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Lord Lucas: Sadly, the Minister did not take the precaution of writing to me. I particularly want to question him on Amendments Nos. 146 and 146A. This is an odd bit of the Bill. New Section 28D imposes a duty to prepare plans on maintained schools, independent schools and special schools approved under Section 342 of the 1996 Act. I thought that special schools under Section 342 were independent schools, but I would be happy to be enlightened on that. I thought that they came under the heading of independent schools in a general sort of way. Then at the top of page 14 in new Section 28E(5)(b), the Secretary of State has a right to see the accessibility plan prepared by an independent school. For some reason, he does not have the right to see a plan prepared by a special school under Section 342 and I do not understand why not. He does not have the right to see a plan prepared by a city academy and I do not see why not. He certainly does not have a right to see a plan prepared by a maintained school. It does not

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appear that the local education authority has that either, so I do not particularly see what is going on there.

On page 20 new Section 28M(1)(a) refers to powers conferred on a responsible body under new Sections 28D and 28E. I cannot see any sign of powers conferred by those sections on responsible bodies; they are all about duties. I cannot see what happens to, say, an independent school which is subject to the sanctions under this section. I can see how directions may be enforced through Section 31 of the Supreme Court Act but I do not know what reasonable level of appeal that gives. The Secretary of State is here taking power to force an independent school to make a plan and then to carry that plan through. There are no financial limits on this that I can see. I would like to know how an independent school which is subject to a direction under this section deals with that, whether it has a right of appeal that is a fair and open right of appeal, or whether it is just a case of judicial review and you have to put up with what the Secretary of State says. I cannot see how the amendment adds anything to what is already in the Bill.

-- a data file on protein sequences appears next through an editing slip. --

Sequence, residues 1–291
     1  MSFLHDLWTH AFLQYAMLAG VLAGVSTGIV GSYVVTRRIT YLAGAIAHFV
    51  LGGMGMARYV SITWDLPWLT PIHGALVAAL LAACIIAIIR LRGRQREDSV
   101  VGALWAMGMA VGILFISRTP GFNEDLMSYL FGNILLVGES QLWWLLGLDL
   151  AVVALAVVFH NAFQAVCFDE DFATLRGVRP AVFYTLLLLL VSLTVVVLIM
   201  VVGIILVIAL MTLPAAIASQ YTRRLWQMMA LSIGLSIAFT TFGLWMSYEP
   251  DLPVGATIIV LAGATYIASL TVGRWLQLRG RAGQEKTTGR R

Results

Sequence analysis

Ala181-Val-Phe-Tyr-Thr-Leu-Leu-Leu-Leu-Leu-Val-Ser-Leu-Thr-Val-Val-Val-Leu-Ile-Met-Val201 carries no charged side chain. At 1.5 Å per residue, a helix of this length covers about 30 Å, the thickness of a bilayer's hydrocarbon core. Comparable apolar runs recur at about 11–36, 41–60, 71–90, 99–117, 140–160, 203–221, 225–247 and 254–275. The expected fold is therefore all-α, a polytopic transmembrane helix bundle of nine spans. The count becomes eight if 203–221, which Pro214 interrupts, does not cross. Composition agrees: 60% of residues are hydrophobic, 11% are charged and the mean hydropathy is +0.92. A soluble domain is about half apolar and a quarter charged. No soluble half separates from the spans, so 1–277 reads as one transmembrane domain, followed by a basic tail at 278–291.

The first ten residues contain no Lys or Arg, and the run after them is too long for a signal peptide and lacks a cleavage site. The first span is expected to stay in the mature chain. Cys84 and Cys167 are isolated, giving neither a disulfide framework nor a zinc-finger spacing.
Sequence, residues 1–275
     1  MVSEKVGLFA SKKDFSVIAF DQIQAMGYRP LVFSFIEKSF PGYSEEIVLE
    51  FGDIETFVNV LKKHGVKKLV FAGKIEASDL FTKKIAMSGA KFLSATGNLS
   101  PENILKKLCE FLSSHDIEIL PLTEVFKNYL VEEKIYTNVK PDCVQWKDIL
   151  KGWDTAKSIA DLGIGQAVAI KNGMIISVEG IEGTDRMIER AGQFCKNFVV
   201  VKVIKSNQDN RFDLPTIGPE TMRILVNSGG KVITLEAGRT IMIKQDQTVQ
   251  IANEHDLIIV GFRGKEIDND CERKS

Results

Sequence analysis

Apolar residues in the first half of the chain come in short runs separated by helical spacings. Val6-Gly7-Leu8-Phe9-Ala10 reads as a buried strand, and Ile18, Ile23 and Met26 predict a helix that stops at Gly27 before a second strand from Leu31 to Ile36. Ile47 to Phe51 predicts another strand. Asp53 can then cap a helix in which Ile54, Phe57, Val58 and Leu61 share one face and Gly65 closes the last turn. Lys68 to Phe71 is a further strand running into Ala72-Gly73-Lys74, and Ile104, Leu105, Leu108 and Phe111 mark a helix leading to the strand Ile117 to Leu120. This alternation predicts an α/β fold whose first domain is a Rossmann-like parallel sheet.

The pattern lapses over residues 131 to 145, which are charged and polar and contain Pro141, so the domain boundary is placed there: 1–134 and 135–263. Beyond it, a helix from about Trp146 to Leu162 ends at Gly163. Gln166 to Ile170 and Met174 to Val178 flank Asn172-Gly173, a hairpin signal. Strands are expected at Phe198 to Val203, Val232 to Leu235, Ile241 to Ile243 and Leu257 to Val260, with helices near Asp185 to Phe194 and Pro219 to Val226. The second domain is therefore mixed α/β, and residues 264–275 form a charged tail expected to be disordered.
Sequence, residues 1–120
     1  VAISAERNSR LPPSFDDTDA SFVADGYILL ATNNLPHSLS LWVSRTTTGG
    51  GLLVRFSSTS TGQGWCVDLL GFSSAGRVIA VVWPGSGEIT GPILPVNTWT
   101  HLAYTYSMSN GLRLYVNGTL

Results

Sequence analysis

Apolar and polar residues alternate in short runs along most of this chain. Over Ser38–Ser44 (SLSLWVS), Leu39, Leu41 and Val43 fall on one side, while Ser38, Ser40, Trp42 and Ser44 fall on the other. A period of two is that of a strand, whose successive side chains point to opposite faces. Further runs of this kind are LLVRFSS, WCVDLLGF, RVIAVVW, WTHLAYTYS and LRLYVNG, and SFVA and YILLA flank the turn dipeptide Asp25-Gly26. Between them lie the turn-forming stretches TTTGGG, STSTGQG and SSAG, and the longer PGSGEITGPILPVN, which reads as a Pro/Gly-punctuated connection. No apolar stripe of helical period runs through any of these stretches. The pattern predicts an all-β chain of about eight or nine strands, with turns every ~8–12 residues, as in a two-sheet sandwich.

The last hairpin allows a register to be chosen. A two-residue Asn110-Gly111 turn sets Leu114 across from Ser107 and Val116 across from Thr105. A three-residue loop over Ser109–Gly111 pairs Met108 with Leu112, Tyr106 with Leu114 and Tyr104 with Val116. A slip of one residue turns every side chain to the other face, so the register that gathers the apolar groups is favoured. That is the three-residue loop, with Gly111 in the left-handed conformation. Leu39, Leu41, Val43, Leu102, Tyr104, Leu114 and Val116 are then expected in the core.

New Section 28M(1) refers to a "responsible body", which includes those in subsection (1)(b). Presumably the bodies mentioned in subsection (1)(b), city academies and special schools, are already subject to the duties in new Section 28M(1). I do not see what subsection (1)(b) adds to that and why you are getting anything extra and that it is necessary to impose extra duties on special schools and city academies under Section 342. If that is necessary, why are they not taken out of new Section 28M(1)?

In Section 28M(5) there is a power to enforce directions under the Supreme Court Act which is not, so far as I can see, being extended to subsection (1)(b). I do not know why not.

Later on we shall discuss Amendment No. 147 which attaches to this clause. I am not sure whether it should have been grouped with the amendments we are discussing but it seems odd that the Welsh Assembly can give directions but cannot enforce them. I shall be grateful to know why, in the context of this general discussion, the Welsh have to be disempowered in this way.

4 p.m.

Lord Davies of Oldham: The noble Lord has ranged widely over the amendments which I have proposed. The amendments provide for the normal inspection frameworks for schools and LEAs to cover their functions which relate to their accessibility plans and strategies. We will put in place a robust system for monitoring the planning duty. This will include using the normal inspection framework for schools and LEAs. As regards independent schools, the inspection frameworks may also cover inspection of the preparation, the revision, the review, the implementation and the publication of schools' plans, including the aspects relating to the Bill.

We might be asked why the proposals in the amendments were not included in the Bill from the beginning. They reflect the discussions that we had

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about the issues at Second Reading and are designed to make more explicit the relevant powers under the Bill. I hear what the noble Lord said about his anxieties but I assure him that the amendments are an attempt to improve the Bill in the light of our discussions. I believe that they meet his objections.

4 p.m.

Baroness Blatch: I should like to ask the Minister two questions. First, what do those who may have been representing independent schools feel about the amendments? What discussion has there been with them and what was their response? Secondly, if, in the opinion of the department the inspection reports of the independent schools do not meet the Secretary of State's satisfaction, what sanction can be imposed?